Walmart Will Start Limiting Capacity in Their Stores to 20% As a Response to Alarming Spike in COVID-19 Cases

If you’re planning to visit Costco or Walmart in the coming weeks, you’ll want to brush up on recent changes to their in-store policies.

As of Nov. 16, Costco has changed its guidelines, and will now require all customers to wear face coverings while shopping in stores. The company’s previous policies, which were put in place in May, had allowed for certain medical conditions to serve as exemptions. However, as coronavirus cases rise throughout the country, the retailer is buckling down on its safety regulations.

Under the new guidelines, customers who have medical conditions that would prevent them from wearing masks must wear plastic face shields in order to shop in stores. Children under the age of 2 are an exception to the new rule.

“There is absolutely no doubt that wearing masks prevents this spread,” said Dr. Edward Ward, vice-chair of the Department of Emergency Medicine at Rush University Medical Group. “I’m sympathetic to the folks who have those underlying conditions, but the other thing that we’ve found is they may be the people who are at risk for having the worst complications from this. So I would say those folks more than anybody really need to protect themselves.”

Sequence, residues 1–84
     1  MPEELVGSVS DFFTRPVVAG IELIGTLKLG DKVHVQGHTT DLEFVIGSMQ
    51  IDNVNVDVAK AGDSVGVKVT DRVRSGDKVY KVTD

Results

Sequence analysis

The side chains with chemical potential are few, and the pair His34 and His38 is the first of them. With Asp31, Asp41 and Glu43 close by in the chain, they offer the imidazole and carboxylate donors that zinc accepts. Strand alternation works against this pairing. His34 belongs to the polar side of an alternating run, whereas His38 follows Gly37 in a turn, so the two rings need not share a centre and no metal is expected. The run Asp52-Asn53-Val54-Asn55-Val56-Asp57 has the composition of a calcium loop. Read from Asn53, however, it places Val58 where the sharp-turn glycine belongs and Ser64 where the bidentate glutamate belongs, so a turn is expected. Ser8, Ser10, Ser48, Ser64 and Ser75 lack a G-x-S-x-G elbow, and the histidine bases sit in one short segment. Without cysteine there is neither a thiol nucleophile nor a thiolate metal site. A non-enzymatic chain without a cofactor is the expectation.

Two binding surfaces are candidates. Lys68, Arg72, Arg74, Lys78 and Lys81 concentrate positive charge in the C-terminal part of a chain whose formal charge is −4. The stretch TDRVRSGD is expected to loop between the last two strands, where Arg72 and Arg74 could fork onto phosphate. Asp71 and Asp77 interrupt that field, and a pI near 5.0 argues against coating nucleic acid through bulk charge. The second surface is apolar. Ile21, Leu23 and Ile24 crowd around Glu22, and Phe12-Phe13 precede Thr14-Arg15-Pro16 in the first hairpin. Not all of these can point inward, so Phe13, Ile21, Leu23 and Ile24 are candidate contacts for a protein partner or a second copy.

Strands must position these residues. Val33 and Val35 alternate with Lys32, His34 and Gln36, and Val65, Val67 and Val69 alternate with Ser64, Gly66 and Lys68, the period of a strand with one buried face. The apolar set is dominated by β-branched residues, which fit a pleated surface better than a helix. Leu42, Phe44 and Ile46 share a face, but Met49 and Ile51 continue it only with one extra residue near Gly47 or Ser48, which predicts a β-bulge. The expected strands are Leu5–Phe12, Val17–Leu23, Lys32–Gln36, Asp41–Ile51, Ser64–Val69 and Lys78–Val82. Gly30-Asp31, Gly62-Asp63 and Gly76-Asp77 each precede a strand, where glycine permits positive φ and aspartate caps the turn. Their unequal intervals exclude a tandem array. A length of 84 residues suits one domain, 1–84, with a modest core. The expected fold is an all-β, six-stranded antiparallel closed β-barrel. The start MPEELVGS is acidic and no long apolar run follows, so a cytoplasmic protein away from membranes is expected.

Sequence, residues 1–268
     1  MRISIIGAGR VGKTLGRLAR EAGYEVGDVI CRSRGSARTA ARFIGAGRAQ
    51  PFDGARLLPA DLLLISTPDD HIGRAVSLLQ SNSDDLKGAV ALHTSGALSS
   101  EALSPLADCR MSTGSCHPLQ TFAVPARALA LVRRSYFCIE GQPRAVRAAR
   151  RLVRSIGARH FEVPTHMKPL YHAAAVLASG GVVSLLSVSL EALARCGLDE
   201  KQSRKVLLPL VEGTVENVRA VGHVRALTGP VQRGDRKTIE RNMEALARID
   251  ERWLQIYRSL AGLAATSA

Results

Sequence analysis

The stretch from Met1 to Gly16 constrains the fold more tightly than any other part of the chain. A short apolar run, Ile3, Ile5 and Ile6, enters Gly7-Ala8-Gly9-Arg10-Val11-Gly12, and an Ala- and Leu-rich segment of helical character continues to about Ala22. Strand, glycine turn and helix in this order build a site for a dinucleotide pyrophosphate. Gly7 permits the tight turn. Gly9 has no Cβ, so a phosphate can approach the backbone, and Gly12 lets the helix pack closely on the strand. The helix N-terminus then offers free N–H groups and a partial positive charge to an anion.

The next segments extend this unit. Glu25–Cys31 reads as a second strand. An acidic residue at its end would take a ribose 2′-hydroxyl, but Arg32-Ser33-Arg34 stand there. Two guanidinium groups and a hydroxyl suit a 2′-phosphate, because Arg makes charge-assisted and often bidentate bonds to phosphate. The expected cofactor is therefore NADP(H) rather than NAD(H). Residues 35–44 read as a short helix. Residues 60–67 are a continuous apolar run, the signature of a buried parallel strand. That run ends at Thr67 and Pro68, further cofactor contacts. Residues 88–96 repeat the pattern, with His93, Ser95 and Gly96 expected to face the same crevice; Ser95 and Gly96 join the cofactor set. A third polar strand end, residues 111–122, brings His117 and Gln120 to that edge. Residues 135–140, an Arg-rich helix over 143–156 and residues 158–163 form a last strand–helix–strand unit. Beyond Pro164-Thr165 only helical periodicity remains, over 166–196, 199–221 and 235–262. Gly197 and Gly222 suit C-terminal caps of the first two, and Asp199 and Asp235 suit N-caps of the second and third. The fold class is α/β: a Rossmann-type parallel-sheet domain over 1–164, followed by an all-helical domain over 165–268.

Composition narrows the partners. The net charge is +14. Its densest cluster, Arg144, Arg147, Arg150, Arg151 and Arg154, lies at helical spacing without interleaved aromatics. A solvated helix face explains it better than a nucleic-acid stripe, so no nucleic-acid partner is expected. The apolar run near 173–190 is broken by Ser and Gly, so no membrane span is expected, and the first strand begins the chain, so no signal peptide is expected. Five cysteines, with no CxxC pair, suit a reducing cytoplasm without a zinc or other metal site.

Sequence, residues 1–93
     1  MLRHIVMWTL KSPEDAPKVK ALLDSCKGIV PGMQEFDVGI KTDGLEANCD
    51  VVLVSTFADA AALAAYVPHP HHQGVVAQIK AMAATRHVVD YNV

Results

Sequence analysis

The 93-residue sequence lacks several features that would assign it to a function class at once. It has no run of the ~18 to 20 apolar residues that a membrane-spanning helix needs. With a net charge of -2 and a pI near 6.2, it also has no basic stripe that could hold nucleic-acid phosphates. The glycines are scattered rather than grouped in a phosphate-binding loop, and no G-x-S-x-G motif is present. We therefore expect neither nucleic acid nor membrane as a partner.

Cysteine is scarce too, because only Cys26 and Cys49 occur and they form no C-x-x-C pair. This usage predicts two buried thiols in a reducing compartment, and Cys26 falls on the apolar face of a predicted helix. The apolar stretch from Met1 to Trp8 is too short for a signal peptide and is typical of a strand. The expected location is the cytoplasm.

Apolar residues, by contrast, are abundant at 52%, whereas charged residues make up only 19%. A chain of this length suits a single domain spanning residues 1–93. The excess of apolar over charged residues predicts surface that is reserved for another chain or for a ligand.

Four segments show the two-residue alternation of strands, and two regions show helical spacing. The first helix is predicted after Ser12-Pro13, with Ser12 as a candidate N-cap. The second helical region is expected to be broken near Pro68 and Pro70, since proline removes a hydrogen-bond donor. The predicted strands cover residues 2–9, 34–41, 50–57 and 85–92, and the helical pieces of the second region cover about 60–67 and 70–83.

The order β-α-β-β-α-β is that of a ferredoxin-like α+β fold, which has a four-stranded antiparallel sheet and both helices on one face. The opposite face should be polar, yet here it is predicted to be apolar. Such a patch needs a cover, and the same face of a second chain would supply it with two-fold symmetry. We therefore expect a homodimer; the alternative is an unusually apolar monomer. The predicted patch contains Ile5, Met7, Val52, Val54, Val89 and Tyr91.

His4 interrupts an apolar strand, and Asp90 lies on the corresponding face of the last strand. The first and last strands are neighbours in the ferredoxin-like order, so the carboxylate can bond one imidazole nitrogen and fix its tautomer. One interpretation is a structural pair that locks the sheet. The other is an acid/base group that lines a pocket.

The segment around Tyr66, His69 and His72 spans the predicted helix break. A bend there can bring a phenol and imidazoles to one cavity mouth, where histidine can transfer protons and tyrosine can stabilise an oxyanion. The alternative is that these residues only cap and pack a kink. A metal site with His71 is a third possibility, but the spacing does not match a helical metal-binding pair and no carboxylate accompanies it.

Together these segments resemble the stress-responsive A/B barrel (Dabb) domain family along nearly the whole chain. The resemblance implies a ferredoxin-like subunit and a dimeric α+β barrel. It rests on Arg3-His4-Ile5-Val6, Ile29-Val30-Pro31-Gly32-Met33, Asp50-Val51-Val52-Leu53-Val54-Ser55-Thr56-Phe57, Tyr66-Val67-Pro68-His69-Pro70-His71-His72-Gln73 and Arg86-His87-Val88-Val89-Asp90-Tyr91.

According to the Centers for Disease Control and Prevention, face shields are not as effective at preventing the spread of viruses as masks, but are the best option if wearing a mask is not feasible. Disease specialists continue to advise those wearing face shields to ensure it covers their entire face — especially the nose and mouth.

Dr. Anthony Fauci, the country’s leading expert on infectious disease, has previously stated face shields “certainly can’t hurt” in the fight against spreading the virus. The logic, of course, is that face shields also prevent the virus from entering the nose and mouth.

With doctors applauding Costco’s efforts, another large retail chain is following suit in tightening its measures amidst the second wave of the disease. Walmart will now be operating at 20% capacity, and will resume its practice of counting customers at the door. Walmart has been operating at a limited capacity since May, but had since stopped counting customers at many locations as cases dropped.

These changes will be particularly crucial over the next month, as many people will be heading out to do their holiday shopping. According to Walmart, its latest move will assist them with controlling crowds.

What’s your take on retailers’ shifting policies to help prevent the spread of coronavirus? Will the most recent changes implemented by Costco and Walmart impact your shopping plans? Let us know what you think!